Posted 9 months ago on July 26, 2012, 4:13 p.m. EST by Misaki
This content is user submitted and not an official statement
[Seeing what response if any this gets; originally posted here]
This topic has been mentioned before on this site. However, that explanation is insufficient to explain that kind of attack in the United States, which is often regarded as one of the most independent or 'selfish' cultures among the so-called developed countries.
One description of the shooting says that James Holmes (24) "methodically stalked the aisles of the theater, shooting people at random, as panicked movie-watchers in the packed auditorium tried to escape".
The best explanation is that he was trying to determine if the problems in U.S. culture are the result of maliciousness, or just stupidity. It seems that if he was trying to kill as many people as possible, there would have been more casualties. And yet it probably would have been easy for one or two determined people to, for example, attack him from behind and prevent any further injuries or deaths to other people in the theater.
The fact that no one did is significant, as is the lack of discussion of this aspect of the situation. There have been questions about whether "one person with a concealed weapon could have ended the attack", but James Holmes was wearing full body armor so it is questionable whether such retaliation would have been more effective than simple hand-to-hand combat.
What James Holmes and anyone who reads the account of the event should have concluded is that if the United States is a nation of 'selfish' people, who place priority on their own goals (survival) instead of the reasonable goals of other people (survival), the people using this strategy are not competent enough to prevent unwanted and unexpected alteration of their physical condition by other people.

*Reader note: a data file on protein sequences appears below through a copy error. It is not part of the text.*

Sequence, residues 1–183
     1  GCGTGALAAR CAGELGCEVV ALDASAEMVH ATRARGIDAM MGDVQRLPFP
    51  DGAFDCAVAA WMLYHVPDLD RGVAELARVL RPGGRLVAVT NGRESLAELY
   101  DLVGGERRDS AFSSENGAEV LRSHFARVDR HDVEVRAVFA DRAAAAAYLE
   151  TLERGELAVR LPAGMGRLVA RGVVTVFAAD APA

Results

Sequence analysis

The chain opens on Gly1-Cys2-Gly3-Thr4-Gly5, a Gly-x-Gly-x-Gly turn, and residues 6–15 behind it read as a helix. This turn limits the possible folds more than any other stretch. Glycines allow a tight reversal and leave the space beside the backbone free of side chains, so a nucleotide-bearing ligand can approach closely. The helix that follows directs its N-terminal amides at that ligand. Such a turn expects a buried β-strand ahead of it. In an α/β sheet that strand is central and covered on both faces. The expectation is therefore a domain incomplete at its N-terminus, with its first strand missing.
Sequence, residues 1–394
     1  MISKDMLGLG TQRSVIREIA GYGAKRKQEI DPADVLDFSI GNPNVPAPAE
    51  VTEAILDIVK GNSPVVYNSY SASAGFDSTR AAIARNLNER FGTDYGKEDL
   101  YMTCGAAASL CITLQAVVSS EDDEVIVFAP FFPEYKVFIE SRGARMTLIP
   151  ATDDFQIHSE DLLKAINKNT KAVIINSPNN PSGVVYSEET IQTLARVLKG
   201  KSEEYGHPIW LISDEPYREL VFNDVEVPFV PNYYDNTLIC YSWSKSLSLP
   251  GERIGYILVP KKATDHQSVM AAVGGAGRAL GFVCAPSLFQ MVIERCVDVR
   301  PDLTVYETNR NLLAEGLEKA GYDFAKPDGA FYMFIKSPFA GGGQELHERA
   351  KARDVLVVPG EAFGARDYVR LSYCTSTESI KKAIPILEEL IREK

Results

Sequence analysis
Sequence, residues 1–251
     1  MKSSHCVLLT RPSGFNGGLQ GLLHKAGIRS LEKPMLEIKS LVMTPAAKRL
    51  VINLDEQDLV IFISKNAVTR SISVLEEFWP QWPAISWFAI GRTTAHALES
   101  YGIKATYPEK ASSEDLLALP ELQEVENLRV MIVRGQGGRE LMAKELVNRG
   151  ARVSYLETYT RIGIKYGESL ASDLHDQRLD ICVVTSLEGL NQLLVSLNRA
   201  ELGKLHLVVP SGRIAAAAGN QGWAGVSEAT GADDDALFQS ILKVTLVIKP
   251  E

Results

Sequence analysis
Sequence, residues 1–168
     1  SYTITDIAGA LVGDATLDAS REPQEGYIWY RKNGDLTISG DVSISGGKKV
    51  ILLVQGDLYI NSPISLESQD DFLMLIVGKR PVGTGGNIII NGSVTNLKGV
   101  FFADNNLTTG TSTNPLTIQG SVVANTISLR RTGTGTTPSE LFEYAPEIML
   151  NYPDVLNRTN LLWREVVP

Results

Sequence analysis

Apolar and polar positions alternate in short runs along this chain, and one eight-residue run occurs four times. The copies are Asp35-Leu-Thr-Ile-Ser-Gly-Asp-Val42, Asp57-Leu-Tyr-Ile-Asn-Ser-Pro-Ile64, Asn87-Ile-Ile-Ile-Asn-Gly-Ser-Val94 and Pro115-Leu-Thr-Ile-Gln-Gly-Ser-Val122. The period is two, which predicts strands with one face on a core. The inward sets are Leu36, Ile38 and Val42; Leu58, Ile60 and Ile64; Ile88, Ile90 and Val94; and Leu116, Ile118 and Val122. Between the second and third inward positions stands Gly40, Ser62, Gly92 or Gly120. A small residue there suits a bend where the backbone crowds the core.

Conversely, if the United States is a nation of selfless people who are only pretending to be selfish, no one had enough confidence in their abilities to attack the shooter and prevent further injuries or deaths. The conclusion is that when it comes to important things, people really are 'sheep' and it is necessary for people with authority to use that influence to accomplish goals that benefit society, even if there appears to be opposition or a lack of popular support for a specific policy.
The motivations in the 'selfless people' case might be a little more complicated; people in the theater might have wanted to avoid propagating the idea that attacking the shooter was the 'morally correct' thing to do, since it would have meant that anyone who didn't was unethical... but the implication is that 'appearing to act ethically' for one person is more important than 'staying alive' for another person.
That leads to situations like someone destroying their house and killing themselves rather than be evicted and their home taken by Freddie Mac, because of other people who don't want to 'unethically' support higher government spending and taxation to create jobs.
Another good example of the phenomenon is the apparent support for 'honor killings' by other women in the countries where that practice is used. A study showed that people with ambivalent feelings about a policy are often the strongest supporters of it in public to prove their 'sincerity'... but as James Holmes showed, this is one way to get yourself or other people killed.
If the above is true, that people feel that upholding the appearance of correct action for one or more people around them is more important than ensuring the survival of one or more other people, the only logical explanation for how people would feel this is justified is that the people in the first group are seen to be selfish, and would prefer being seen as ethical over other people remaining alive. This perception would explain many things, and it has already been shown how this conclusion might be reached from nothing more than mistakes arising from misjudgements in value—which in turn happens because of people who not aware of inaccuracies in the 'system' formed by common social standards of judgement.
Of course, as was remarked in a blog that was eventually lost from the Internets—even archive.org!—thinking is only useful to the extent that it leads to a useful result. If most people are sheep, or 'granite rocks on a mountainside', it means that few people have the confidence to redefine reality to the benefit of themselves and other people who are intelligent enough to express a consistent preference.